Chevrolet appears to be hedging its bets on the electric car market, announcing that it will produce an all-electric version of the Chevrolet Spark subcompact for the U.S. market in 2013.
The auto manufacturer has been preaching the benefits of its extended range electric power train as the best fit for American drivers who want to dip their toes in electric driving, but it has also been testing all-electric vehicles in Asia and India. Tests of those EVs, which were developed jointly by GM Daewoo, LG Chem, and LG Electronics, have proven successful, and parent company General Motors has decided to bring the all-electric platform to the U.S. in the Chevrolet Spark.
That decision puts GM more in line with Ford, which will offer consumers a range of electric options for drivers, including hybrids, plug-in hybrids, and all-electric power trains to suit their eco-preferences. GM currently produces hybrid, eAssist "mild hybrid," and extended-range electric vehicles. The Spark EV will be GM's first all-electric car in the U.S. since the EV1 was scrapped in the 1990s.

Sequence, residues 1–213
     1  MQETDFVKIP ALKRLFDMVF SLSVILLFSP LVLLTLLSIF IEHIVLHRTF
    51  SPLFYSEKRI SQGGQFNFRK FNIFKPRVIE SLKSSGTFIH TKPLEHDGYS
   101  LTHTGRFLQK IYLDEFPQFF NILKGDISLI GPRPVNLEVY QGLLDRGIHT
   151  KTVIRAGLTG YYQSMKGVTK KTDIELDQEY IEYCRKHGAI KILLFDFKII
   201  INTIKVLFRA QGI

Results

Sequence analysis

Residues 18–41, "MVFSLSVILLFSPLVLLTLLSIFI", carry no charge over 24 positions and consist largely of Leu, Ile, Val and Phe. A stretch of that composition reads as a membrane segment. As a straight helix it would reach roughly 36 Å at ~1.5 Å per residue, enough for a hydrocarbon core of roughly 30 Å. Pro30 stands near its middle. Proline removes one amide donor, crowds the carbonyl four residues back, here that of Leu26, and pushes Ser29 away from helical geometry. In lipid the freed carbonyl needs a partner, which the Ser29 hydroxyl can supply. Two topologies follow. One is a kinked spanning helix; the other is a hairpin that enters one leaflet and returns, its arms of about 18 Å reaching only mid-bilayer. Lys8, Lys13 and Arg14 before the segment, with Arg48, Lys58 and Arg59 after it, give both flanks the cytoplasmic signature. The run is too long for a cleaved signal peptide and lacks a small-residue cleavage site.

The Spark EV's battery will be produced by A123 Systems, but details on its size or range have not been released. However, it's the same electric power train that is in the all-electric Cruze test fleet vehicles in Korea. The conventional gasoline powered Spark, which goes on sale in the U.S. in 2012, is equipped with a 1.2-liter engine producing 80 horsepower, and the European model achieves 55 mpg in combined city and highway driving.
Chevrolet hasn't announced which states will get the Spark EVs or when, but California is one of the target markets.